In a lucky country

By Laura Kenny
Picking fruit by Pixabay

In Thailand there are ghost ships

filled to the brim with migrant


men from Burma and Cambodia

bought and sold to the sea


like animals for as little as £250.

Twenty-hour days spent tripping


on nets and methamphetamines,

slipping in fish guts and fitful naps,


barefoot and shirtless, invisible.

Contorted calloused fingers cull


trash fish—infant fish, inedible

fish—for fishmeal, food for farmed


prawns. They feed the need for cheap

seafood, a multi-million dollar export


industry, on a daily ration of rice.

Too ill to work thrown overboard,


a disposable commodity. Once a man

was tied, I heard, limb by limb


to the bows of four boats and pulled

apart like a wishbone.


That couldn’t happen in a lucky country.



In the forests of northeast India

children slave underground, largely


in illegal mines for mica, a mineral

noted for reflection and refraction


of light, used in pearlescent pigments

in paint for luxury cars, and in shimmery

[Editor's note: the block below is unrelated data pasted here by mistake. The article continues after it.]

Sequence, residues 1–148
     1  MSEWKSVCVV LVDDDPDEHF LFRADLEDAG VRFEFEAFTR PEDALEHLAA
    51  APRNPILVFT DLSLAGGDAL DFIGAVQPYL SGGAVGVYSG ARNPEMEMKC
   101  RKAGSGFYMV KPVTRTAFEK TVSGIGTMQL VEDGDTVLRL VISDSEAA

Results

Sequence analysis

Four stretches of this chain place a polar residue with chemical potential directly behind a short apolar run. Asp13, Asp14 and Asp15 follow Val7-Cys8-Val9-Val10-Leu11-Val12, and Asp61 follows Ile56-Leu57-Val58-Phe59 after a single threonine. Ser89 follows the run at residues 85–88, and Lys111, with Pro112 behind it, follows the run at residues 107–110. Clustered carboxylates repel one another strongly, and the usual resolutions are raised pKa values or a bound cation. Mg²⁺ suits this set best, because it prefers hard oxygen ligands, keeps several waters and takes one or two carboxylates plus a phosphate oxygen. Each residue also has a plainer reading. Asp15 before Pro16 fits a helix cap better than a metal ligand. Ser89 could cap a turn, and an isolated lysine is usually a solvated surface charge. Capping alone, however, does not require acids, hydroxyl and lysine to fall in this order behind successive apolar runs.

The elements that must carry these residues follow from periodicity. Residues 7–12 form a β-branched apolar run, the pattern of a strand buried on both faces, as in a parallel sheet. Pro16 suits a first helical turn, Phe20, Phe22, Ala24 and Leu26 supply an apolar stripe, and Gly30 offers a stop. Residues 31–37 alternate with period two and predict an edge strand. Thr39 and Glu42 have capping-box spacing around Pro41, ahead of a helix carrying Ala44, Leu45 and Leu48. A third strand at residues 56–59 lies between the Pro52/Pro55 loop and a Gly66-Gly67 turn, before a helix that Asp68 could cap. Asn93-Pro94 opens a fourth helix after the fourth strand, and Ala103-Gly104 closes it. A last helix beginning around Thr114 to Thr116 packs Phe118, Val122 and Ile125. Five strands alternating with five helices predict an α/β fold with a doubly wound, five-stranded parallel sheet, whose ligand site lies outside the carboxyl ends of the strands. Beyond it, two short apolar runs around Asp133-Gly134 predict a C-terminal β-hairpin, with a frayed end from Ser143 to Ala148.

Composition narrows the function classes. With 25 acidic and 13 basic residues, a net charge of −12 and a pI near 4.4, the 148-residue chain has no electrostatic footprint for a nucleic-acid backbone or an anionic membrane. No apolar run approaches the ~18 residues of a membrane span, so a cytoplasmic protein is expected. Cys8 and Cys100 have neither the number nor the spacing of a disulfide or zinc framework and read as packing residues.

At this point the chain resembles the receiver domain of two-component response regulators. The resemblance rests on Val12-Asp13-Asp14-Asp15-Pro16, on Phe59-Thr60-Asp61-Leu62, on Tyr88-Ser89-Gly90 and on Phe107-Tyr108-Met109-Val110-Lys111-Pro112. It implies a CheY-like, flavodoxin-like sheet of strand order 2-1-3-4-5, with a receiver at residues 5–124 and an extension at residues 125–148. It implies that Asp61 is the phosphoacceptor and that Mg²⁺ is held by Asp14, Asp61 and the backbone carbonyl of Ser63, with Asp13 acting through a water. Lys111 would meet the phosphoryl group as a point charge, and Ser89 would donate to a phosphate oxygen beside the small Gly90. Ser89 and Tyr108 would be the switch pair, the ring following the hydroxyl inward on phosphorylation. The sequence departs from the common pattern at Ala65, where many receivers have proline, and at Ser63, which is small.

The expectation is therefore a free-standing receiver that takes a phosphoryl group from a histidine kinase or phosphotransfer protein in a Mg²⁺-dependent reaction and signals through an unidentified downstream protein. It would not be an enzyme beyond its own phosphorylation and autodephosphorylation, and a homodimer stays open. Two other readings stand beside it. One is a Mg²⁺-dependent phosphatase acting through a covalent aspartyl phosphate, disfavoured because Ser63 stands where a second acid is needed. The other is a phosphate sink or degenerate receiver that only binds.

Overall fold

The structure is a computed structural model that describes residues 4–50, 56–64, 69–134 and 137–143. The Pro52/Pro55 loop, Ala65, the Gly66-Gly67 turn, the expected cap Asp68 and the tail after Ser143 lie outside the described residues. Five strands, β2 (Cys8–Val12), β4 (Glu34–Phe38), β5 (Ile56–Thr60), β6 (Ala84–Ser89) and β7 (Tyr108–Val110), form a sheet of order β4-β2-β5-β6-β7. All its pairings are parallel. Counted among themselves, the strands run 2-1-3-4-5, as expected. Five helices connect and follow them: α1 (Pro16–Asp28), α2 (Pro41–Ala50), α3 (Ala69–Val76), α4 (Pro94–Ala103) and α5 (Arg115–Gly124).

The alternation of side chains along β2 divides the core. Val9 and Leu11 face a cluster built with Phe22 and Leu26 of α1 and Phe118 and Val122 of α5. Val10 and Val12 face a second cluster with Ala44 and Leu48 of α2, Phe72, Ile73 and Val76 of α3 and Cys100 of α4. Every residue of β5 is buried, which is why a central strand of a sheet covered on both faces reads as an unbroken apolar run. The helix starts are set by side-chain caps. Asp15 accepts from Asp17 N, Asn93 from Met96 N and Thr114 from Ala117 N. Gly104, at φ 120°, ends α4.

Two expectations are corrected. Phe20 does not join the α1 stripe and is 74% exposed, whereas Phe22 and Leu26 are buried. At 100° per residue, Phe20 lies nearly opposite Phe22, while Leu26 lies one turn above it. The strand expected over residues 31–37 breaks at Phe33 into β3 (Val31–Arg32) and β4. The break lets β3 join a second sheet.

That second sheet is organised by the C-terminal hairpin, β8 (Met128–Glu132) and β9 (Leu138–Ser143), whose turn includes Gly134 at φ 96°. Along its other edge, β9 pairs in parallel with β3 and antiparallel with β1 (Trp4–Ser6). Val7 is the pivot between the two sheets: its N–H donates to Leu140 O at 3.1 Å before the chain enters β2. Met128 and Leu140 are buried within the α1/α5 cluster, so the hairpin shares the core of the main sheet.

cosmetics. Children as young as four

scrape silicate flakes from walls


with sharpened sticks and carry

back-breaking loads through slippery


tunnels. Above ground, young girls

squat barefoot in clouds of glitter,


like figures in a souvenir snow globe,

sorting mica from debris, weathered


faces caked in dirt. They suffer snake

bites and skin infections, silicosis


tuberculosis, collapsing slag heaps.

Whole families are bonded to the mines,


by grinding poverty and debts owed

with interest.


That wouldn’t happen in a lucky country.



In Australia migrant workers on 417

visas, work in low-skilled jobs


on farms picking and packing produce,

and in factories for meat and poultry


at a relentless pace for as little as

$3.95 an hour, cash in hand,


no documentation, wages stolen

by unscrupulous middlemen.


An underclass routinely harassed,

assaulted, not allowed to go to the toilet,


Trapped in a web of deceit and

exploitation. They sleep in dog beds


and in barns, shipping containers,

and overcrowded share houses.


Farmers who play by the rules

and pay correctly are dropped by fast


food giants and supermarkets.

“Buy Australian,” we are told.


We care where our food comes from;

we don’t question how it got there.


That shouldn’t happen in a lucky country.